Liver Cancer: Diagnosis

Approved by the Cancer.Net Editorial Board, 08/2023

ON THIS PAGE: You will find a list of common tests, procedures, and scans that doctors use to find the cause of a medical problem. Use the menu to see other pages.

Doctors use many tests to find, or diagnose, cancer. They also do tests to learn if cancer has spread to another part of the body from where it started. If the cancer has spread, it is called metastasis. Doctors may also do tests to learn which treatments could work best.

For most types of cancer, a biopsy is the only sure way for the doctor to know whether an area of the body has cancer. In a biopsy, the doctor takes a small sample of tissue for testing in a laboratory. If a biopsy is not possible or recommended, the doctor may suggest other tests that will help make a diagnosis.

How liver cancer is diagnosed

There are different tests used for diagnosing liver cancer. Not all tests described here will be used for every person. Your doctor may consider these factors when choosing a diagnostic test:

  • The type of cancer suspected

  • Your signs and symptoms

  • Your age and general health

  • The results of earlier medical tests

The following tests may be used to diagnose hepatocellular carcinoma (HCC):

  • Physical examination. If a person has symptoms of HCC, the doctor will feel the abdomen to check for lumps, swelling, or other changes in the liver, spleen, and other nearby organs. The doctor will also look for an abnormal buildup of fluid in the abdomen and for signs of jaundice, including yellowing of the skin and whites of the eyes.

  • Blood tests. At the same time as the physical examination, the doctor will most likely do a blood test to look for a substance called alpha-fetoprotein (AFP). In the United States, AFP is found in elevated levels in the blood of about 50% to 70% of people who have HCC. The doctor will also test the person’s blood to see if there is hepatitis B or C. Other blood tests can show how well the liver is working.

In addition, other tests are commonly needed to diagnose HCC, to find where the tumor is located in the liver, and to see if it has spread to other parts of the body. After the physical examination and blood tests, the doctor may recommend 1 or more of the following tests:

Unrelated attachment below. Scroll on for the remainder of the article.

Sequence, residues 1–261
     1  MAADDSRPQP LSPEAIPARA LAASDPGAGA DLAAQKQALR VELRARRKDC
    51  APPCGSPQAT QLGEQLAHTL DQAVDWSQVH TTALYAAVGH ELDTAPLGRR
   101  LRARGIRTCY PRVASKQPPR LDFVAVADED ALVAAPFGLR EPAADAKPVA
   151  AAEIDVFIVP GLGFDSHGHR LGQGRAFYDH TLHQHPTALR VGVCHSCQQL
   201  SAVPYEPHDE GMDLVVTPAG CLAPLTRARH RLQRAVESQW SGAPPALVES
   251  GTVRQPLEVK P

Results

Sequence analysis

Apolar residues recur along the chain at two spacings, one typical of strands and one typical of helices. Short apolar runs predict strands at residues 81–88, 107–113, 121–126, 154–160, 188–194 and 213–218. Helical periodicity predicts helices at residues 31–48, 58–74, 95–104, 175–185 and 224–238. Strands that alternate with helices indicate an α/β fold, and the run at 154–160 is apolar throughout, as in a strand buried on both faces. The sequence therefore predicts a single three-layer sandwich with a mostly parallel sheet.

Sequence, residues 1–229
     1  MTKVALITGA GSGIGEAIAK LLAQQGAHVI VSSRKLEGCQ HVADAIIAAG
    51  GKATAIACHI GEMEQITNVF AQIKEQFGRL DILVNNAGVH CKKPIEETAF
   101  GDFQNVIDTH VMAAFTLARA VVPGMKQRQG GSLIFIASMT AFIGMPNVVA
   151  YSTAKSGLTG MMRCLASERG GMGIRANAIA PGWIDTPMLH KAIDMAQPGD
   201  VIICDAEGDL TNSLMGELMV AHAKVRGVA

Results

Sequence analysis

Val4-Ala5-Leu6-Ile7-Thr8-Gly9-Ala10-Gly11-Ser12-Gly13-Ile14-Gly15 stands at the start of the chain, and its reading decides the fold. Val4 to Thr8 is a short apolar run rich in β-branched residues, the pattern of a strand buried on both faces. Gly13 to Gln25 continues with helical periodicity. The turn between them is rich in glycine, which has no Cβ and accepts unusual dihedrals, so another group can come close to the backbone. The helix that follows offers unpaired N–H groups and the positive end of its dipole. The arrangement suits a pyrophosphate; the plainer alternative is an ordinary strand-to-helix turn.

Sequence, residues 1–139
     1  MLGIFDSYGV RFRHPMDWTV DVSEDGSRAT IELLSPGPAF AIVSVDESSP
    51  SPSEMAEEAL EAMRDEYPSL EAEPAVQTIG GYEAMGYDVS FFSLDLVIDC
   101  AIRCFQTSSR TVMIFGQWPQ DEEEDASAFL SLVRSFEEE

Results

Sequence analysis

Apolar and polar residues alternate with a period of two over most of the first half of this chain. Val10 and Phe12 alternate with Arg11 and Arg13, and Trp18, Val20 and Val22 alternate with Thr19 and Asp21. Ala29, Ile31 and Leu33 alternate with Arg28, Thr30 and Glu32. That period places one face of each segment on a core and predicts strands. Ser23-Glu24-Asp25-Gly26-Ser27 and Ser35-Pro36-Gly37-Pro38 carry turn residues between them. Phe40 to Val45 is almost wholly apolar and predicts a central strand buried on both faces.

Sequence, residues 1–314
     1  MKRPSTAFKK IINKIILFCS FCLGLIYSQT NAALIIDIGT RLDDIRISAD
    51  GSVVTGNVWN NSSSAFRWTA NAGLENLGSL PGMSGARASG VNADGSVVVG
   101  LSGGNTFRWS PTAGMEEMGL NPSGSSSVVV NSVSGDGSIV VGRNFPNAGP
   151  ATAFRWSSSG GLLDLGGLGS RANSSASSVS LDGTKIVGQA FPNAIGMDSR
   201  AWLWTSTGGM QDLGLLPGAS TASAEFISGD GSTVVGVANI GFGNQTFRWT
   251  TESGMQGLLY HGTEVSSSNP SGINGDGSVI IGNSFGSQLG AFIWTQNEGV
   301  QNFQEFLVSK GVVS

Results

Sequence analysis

• Ultrasound. An ultrasound creates a picture of the internal organs using sound waves. The sound waves bounce off the liver, other organs, and tumors. Each creates a different picture on a computer monitor.

  • Computed tomography (CT or CAT) scan. A CT scan creates a 3-dimensional image of the inside of the body using x-rays taken from different angles. A computer combines these pictures into a detailed, cross-sectional view that shows any abnormalities or tumors. Sometimes, a special dye called a contrast medium is given before the scan to provide better detail on the image. This dye can be injected into a patient’s vein or given as a liquid to swallow. Often, HCC can be diagnosed based on features specific to the cancer that are seen on a CT scan. This helps patients avoid a liver biopsy (see below). A CT scan can be used to measure the tumor’s size.

  • Magnetic resonance imaging (MRI). An MRI produces detailed images of the inside of the body using magnetic fields, not x-rays. MRI can be used to measure the tumor’s size. A special dye called a contrast medium is given before the scan to create a clearer picture. This dye can be injected into a patient’s vein or given as a liquid to swallow.